Music to write to is such a subjective thing - whether you’re looking for energy, distraction or pure emotional inspiration - what works for me may not work for you. As a result I tend to go for longer form tracks - tracks that you put on repeat so you don’t have a jarring “vibe” change as you move through the playlist.
Today I had a specific project that I needed to focus on - for musical accompaniment I wasn’t looking for emotion I was looking for something long, probably with energy - a beat - something that I could get lost in. I went to my Essay to Candidates playlist and started at the top and of course - just like life - I ended up going with the exact opposite of what I thought I needed.
Sometimes you just fall in love with a piece - it kinda sneaks up on you and demands to be listened to again. I’ve trained myself to recognize when I’m reaching out and putting a track on repeat - my ears change a little and now I’m listening a bit more intently than I was before, and sure - I realize that now I’m listening rather than writing but hell - I curate a list about writing music and well - there’s gotta be some kind of quality control ;-)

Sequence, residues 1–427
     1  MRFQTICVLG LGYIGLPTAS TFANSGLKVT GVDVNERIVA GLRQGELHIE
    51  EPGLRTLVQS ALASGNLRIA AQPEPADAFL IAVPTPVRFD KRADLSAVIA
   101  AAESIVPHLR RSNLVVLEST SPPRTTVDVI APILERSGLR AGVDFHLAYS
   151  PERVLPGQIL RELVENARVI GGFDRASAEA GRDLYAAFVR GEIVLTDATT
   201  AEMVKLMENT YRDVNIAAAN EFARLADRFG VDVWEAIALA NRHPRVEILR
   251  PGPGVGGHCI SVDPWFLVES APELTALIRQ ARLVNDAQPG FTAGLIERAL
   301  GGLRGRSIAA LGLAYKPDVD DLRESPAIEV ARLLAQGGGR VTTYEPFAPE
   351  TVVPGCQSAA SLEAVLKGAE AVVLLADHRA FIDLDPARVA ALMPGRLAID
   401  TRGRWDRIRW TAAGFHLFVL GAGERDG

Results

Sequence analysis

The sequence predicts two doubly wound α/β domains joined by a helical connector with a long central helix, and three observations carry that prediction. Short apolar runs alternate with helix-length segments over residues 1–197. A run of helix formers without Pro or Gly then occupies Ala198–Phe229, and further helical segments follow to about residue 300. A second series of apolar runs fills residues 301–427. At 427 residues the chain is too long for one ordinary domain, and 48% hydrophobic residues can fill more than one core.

There is such an elegant beauty to this track - it is instantly familiar and yet unique - the composition builds , ebbs and flows and I find myself looping it just so I can experience the highs and lows again.
Now that I’ve established it as a writing track - I’ve been able to knock out the above text in pretty short time - you should check it out.
Here’s what Cinthya had to say when she submitted the track for the list:
You can learn more about Cinthya Garcia here:
About the Curator: Andrew McCluskey
The first visual memory I have is that of the white upright piano in Singapore, Hell and the dark forces lived at the bottom, Heaven and the Angels at the top. They would play battles through my fingers and I was hooked.
Although I've always played, I haven't always been a musician. Most of my twenties were spent working with people, buying and selling and learning how the world works. It was in my thirties that I came to America and focused on music and began to develop music2work2.